Children (and adults) who were captivated by Gerstein's lyrical prose and swirling-moving-breathing illustrations in The Mountains of Tibet will find it easy to slide between the covers of this tale of three friends, Amelia, Reina and Clara. Dancing through life, as girls that age will, they come across a giant. In great glee, and with profound disregard for both his feelings and their own safety, they proceed to do their best to attract his attention. It's all a game-or is it? As in Mountains, Gerstein mixes sorrow and joy with casual artfulness, much the way life itself does. This is an intriguing work that contributes to moving the picture book into a plane beyond immediate amusement. It deserves to be read and reread, questioned and ruminated upon. So who is that giant, anyway?
School Library Journal
Gr 2-4Amelia, Reina, and Clara often slip away through the woods and across the meadows to the ravine where a giant tends his garden. They perch on a ledge and call out to him, trying to guess his name. They believe that when they guess correctly, he will notice them. One day, to their combined delight and dismay, he hears them. When he reaches for them, they run away, frightened and excited. They return home, transformed in a way they cannot explain even to themselves, and are more aware of their connection to the world around them. Gerstein's tale is haunting, moody, and poetic and resonates on many levels. Very young children may be puzzled by the ambiguity of the story, particularly the ending, in which the girls realize that the lonely sound they hear every night is the giant weeping. This tale is better shared with older readers who will be able to relate to the characters' experiences and emotions and to appreciate the imaginative and vividly written narrative, which gains depth with subsequent readings. The delicate paintings, rendered in acrylics, are full of motion and color, with contrast provided by the stolid-seeming giant. The small format suits the story perfectly, and the book is best appreciated independently or one-on-one.Donna L. Scanlon, Lancaster County Library, PA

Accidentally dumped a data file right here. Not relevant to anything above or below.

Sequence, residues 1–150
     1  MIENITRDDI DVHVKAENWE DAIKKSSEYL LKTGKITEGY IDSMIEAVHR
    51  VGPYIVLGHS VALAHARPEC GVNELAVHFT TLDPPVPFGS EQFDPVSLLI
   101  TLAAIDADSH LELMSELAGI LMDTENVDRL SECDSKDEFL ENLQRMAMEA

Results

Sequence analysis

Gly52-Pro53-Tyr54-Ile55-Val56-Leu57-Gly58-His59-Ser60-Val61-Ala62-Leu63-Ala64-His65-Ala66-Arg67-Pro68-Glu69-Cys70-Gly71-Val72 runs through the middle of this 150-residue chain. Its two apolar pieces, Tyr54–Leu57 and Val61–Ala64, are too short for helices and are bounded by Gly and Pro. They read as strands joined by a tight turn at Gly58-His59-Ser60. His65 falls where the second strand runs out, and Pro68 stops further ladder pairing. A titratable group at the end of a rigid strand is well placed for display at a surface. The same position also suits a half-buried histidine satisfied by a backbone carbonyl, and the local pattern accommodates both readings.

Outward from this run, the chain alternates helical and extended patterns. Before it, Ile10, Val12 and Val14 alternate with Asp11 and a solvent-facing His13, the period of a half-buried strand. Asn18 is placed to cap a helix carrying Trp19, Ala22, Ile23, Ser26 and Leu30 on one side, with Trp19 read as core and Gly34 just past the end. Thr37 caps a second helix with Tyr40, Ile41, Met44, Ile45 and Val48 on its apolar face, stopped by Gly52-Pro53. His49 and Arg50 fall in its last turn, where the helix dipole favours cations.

Mordicai Gerstein was already a talented children’s book illustrator when he decided to start writing children’s books of his own. Since then, he has released dozens of titles and has won nearly as many awards for his stories of childhood innocence, spiritual exploration, and imagination gone wild. His biographical story of tightrope walker Philippe Petit won the 2004 Caldecott Medal, making The Man Who Walked Between the Towers the most distinguished American picture book for children in 2004.
Mordicai Gerstein has always been an artist. As a child, he enjoyed painting and eventually graduated from art school in Los Angeles. He continued painting in New York City and supported himself and his family for 25 years by designing and directing animated television commercials. He says, "I had always loved cartoons, especially Bugs Bunny, and I found I enjoyed making animated films. Even a 30-second commercial involved drawing and painting, storytelling, not to mention actors, music, and sound effects."
During the 1960s, Gerstein made several films that received critical acclaim. In 1966, The Room won the Award of the Film Clubs of France at the International Festival for Experimental Film, and in 1968, The Magic Ring won a CINE Golden Eagle.